Ibn al-Haytham, a 10th century philosopher and an early voice defining what would become the scientific method, is quoted as saying:
Truth is sought for its own sake. And those who are engaged upon the quest for anything for its own sake are not interested in other things.
Yet science today seems increasingly interested in “other things,” from academic advancement to financial rewards. And the scientific publishing process seems more and more geared to abetting these practices as the number and capacity of outlets has exploded over the past decade.
Meanwhile, we continue to encounter scandals and shortcomings. A recent case involving a Dutch researcher named Diederick Stapel will likely lead to dozens of retractions. The first domino fell recently in Science. Stapel has relinquished his PhD in light of his misbehavior. Obviously, in the risk-reward mentality likely at work, Stapel felt the risks of being caught were outweighed by the rewards of publication and citation.
A recent commentary in the Chronicle of Higher Education seeks to put a happy spin on the situation. Entitled, “Despite Occasional Scandals, Science Can Police Itself,” I’m not sure I accept the author’s argument, which boils down to the fact that despite dozens of fraudulent papers being in the literature for years, the perpetrator was finally caught; therefore, science can police itself.
There are a few problems with this cheerful line of thought. First is the obvious “we don’t know what we don’t know.” How many papers in the literature are currently packed with explosives, waiting to detonate under our noses? It’s hard to tell. And aside from the scandalous, there are the more pernicious but individually less harmful uninteresting, unread, and uncited papers, turning the stepping stones of science into something more akin to an intellectual swampland. It’s hard for the police to succeed when they’re up to their waists in sludge.
It seems malfeasance is uncovered by a tip from someone close to a perpetrator. It’s not as if science policed itself — rather, someone fed up with a cheater’s charade, and success perpetrating it, finally blows the whistle, a major journal investigates, and months later, there is a retraction. Humans police humans, the same as if a drug kingpin had been narced out by a crony. There’s usually nothing noble about how “science” polices itself. Baser human motivations feed the fraud, and ultimately they tip off authorities.
Exaggeration is another form of careerism — hardening hints and shadows into declarative certainties, all for the sake of a higher impact publication event. This plays on the desire to believe that scientific publishing yields “truth,” which seems fairly prevalent. At the recent STM Innovations meeting in London, a semantic specialist decried the tendency of semantic vendors and text miners to say that their algorithms can reveal factual statements. Her far more modest and correct interpretation is that these techniques can identify claims. And a claim or assertion is far from a fact.
How far claims can be from the truth was the subject of a recent article in the Wall Street Journal [subscription required]. Entitled, “Scientists’ Elusive Goal: Reproducing Study Results,” the article details how scientists at various companies are finding it difficult to reproduce results published in the literature, wasting time and money. Apparently, this is a dirty little secret coming to light:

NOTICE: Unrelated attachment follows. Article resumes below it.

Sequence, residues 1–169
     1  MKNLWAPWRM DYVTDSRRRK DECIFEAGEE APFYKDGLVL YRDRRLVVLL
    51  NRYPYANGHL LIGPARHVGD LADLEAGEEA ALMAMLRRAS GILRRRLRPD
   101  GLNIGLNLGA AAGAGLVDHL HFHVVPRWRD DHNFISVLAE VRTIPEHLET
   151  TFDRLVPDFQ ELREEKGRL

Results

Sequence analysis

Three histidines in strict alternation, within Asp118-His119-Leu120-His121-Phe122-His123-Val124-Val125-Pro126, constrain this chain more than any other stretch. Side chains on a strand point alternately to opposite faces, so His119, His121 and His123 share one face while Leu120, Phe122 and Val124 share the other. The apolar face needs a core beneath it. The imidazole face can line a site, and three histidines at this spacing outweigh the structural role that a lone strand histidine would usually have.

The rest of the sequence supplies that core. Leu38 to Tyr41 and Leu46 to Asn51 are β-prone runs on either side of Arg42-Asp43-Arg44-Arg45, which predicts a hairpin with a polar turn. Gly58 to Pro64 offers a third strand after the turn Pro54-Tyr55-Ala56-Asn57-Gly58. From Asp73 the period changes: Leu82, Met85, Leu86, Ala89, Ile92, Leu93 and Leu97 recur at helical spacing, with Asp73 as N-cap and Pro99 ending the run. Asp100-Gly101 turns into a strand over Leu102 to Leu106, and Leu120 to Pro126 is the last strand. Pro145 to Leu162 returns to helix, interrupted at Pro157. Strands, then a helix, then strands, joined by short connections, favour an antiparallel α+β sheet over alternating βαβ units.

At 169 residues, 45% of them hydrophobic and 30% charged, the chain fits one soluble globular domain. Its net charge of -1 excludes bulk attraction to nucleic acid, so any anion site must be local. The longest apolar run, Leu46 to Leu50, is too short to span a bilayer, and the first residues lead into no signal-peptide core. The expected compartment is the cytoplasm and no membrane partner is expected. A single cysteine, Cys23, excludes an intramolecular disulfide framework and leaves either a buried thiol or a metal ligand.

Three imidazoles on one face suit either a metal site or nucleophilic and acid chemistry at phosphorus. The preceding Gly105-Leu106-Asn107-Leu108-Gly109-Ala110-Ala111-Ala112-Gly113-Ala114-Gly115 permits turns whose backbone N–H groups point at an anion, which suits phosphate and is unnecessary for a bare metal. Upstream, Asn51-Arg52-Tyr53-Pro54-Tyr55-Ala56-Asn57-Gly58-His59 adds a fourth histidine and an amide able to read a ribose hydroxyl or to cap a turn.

“I was disappointed but not surprised,” says Glenn Begley, vice president of research at Amgen of Thousand Oaks, Calif. “More often than not, we are unable to reproduce findings” published by researchers in journals.
The article notes that the preference for positive findings, the pressures to generate grant funding, and the “publish or perish” mentality leads some researchers to cherry-pick results. The number of available outlets also makes publication a high-likelihood event.
Amgen isn’t the only company dealing with a soft scientific literature:
In September, Bayer published a study describing how it had halted nearly two-thirds of its early drug target projects because in-house experiments failed to match claims made in the literature. The German pharmaceutical company says that none of the claims it attempted to validate were in papers that had been retracted or were suspected of being flawed. Yet, even the data in the most prestigious journals couldn’t be confirmed.
The lesson once again is that science is done by humans, and prone to the failings of its practitioners and their institutionalized practices. A comment by a Wall Street Journal subscriber, David Eyke, is quite illuminating:
Modern management science tells us that if you want more of something, all you have to do is measure it. . . . The measurement alone – even if you do nothing else such as attach consequences to the values produced by the measurement – helps to massively improve the value of the output. . . . We aren’t measuring is the REPLICATION rate of scientific work by scientists. We aren’t measuring it, nor are we publishing it widely. In other words, we tell the scientific community that we ignore their poor efforts and wasted research dollars. . . . This is because we are not measuring it. And management science tells us that if you don’t measure, you are going to waste a whole lot of money.
Perhaps we’re measuring the wrong things — number of publications, number of citations, impact factors of publication outlets — as a way of measuring a scientist’s productivity, which we then reward with money, either directly or indirectly. Perhaps we should measure how many results have been replicated. Without that, we are pursuing a cacophony of claims, not cultivating a world of harmonious truths.